The fight between Ms Bhutto and her conservative rival, Nawaz Sharif, over who will form the next government is so evenly matched that the victor is still unknown. Only after the National Assembly votes on 14 October will a prime minister be named. Ms Bhutto has a strong edge over Mr Sharif.
Not only will the latest victory for Ms Bhutto in the provincial elections boost her status in the prime ministerial stakes; equally important, it will improve her chances of surviving when and if she comes to power. If Punjab and Sindh were pitted against her, Ms Bhutto would find Pakistan ungovernable. The state governments have great autonomy, and Ms Bhutto would find that as prime minister the reach of her authority would end at the city limits of Islamabad, the capital.
In Ms Bhutto's native Sindh, her party took 56 of 100 assembly seats, giving her a clear majority. In Punjab, however, the race is closer. Ms Bhutto's party won only 94 seats out of 240, but she can count on another 18 seats from smaller parties and independents. Mr Sharif's Pakistan Muslim League won 105 seats in Punjab, and he is seeking coalition partners. His candidates won a majority in the Northwest Frontier province. In Baluchistan, the contest is dominated by tribal chieftains and is of less significance than Punjab and Sindh.
This latest win for Ms Bhutto in this highly personalised electoral brawl with Mr Sharif comes after the PPP gained the largest number of seats in Wednesday's general election. Ms Bhutto's party won 86 of the 217 national assembly seats, and she claims that with backing from smaller parties she can form a majority. Mr Sharif collected only 72 seats, but refuses to surrender.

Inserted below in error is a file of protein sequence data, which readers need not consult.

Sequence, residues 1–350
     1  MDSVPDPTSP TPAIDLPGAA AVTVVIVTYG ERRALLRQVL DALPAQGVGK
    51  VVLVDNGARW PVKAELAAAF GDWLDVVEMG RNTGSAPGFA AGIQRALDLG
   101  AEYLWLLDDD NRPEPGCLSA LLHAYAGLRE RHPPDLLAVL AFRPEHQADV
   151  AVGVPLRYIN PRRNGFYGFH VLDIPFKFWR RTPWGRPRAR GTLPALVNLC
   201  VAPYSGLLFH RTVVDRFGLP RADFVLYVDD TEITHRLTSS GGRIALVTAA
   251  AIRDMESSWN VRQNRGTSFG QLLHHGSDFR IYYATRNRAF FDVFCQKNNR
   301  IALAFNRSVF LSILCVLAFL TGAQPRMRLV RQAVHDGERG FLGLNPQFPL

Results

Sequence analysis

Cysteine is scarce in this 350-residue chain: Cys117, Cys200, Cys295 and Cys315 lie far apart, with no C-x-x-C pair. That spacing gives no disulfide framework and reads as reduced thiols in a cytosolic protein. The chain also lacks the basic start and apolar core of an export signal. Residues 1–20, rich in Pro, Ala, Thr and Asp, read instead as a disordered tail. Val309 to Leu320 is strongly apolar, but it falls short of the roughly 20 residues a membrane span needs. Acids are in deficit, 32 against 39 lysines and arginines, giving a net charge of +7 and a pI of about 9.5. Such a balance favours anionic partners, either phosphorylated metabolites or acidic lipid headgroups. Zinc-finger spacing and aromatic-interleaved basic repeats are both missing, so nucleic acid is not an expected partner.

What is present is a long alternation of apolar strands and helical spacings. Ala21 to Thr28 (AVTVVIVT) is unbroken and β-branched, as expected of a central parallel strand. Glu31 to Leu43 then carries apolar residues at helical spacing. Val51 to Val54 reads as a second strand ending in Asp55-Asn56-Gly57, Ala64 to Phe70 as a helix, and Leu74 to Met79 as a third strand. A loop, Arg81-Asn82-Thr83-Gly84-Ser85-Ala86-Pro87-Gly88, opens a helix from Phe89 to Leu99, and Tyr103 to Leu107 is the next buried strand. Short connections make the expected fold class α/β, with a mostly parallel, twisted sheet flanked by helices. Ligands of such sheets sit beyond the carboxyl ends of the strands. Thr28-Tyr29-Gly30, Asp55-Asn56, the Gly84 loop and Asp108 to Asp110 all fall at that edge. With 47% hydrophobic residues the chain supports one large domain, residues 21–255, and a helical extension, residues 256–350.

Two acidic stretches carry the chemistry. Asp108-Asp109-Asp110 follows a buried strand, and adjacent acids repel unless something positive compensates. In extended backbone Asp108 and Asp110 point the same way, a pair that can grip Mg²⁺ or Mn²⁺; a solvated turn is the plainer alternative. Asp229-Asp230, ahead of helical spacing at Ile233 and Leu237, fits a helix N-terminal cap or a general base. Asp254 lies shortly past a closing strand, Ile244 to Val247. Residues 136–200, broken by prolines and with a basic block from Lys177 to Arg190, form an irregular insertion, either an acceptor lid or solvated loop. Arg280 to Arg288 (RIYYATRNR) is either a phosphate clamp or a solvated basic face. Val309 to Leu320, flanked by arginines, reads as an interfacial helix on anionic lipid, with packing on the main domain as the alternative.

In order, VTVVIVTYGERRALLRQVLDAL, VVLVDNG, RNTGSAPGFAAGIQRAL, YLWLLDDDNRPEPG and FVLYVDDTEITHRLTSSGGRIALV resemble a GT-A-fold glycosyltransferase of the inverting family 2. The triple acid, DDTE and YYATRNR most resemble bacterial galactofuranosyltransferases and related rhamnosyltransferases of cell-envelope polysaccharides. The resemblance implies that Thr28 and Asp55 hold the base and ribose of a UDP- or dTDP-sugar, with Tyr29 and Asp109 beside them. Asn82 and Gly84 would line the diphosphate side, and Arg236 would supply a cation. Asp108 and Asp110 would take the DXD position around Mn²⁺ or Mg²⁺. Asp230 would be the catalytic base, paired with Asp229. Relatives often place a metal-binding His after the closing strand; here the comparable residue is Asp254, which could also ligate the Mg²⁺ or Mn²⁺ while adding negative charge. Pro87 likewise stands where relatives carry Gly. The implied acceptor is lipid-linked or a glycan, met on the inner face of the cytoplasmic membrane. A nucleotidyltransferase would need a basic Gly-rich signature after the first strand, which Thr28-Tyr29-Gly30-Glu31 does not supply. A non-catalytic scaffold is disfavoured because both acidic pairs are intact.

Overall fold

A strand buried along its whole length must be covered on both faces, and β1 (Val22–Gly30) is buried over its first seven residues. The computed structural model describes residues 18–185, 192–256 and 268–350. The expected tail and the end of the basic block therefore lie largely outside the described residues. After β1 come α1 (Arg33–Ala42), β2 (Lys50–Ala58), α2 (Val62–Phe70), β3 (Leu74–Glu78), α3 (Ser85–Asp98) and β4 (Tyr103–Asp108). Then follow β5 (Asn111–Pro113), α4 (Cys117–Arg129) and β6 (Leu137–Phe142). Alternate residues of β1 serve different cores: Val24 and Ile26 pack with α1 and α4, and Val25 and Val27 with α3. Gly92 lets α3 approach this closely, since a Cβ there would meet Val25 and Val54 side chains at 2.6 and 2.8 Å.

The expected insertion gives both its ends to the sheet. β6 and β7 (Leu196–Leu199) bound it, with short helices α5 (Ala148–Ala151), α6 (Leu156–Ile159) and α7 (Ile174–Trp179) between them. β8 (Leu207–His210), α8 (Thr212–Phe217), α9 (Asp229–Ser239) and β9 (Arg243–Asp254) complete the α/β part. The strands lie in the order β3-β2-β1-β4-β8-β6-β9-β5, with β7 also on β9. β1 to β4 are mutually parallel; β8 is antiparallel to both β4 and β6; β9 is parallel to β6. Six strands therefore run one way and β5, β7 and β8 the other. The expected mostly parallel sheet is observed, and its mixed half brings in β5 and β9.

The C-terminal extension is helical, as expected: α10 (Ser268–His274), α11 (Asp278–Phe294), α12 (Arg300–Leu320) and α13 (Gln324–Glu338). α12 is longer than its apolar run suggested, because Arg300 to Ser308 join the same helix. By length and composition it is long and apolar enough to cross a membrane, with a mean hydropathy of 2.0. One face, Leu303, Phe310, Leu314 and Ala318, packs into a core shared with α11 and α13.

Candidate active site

Both Mr Sharif and Ms Bhutto exhibited confidence. Mr Sharif wrote a victory speech before the national results were in. Ms Bhutto said yesterday that she would telephone Mr Sharif and ask him to lead the parliamentary opposition - a call likely to infuriate him.
Ms Bhutto, first elected prime minister in 1988 and sacked 20 months later on charges of corruption and misrule that were never proven, said that her surprise victory proved that 'people were fed up with tensions between the centre and the provinces'. During her time as prime minister, Ms Bhutto was harassed and left hamstrung by Mr Sharif's control of Punjab.
'In Pakistan, despite the slim parliamentary majority,' said Ms Bhutto in Lahore, 'we can at last have stability and smoothness.'
The PPP's main ally is a renegade faction of the Muslim League led by Hamid Chatta. Ms Bhutto will also win support from regional parties and at least seven MPs who represent religious minorities.Reuse content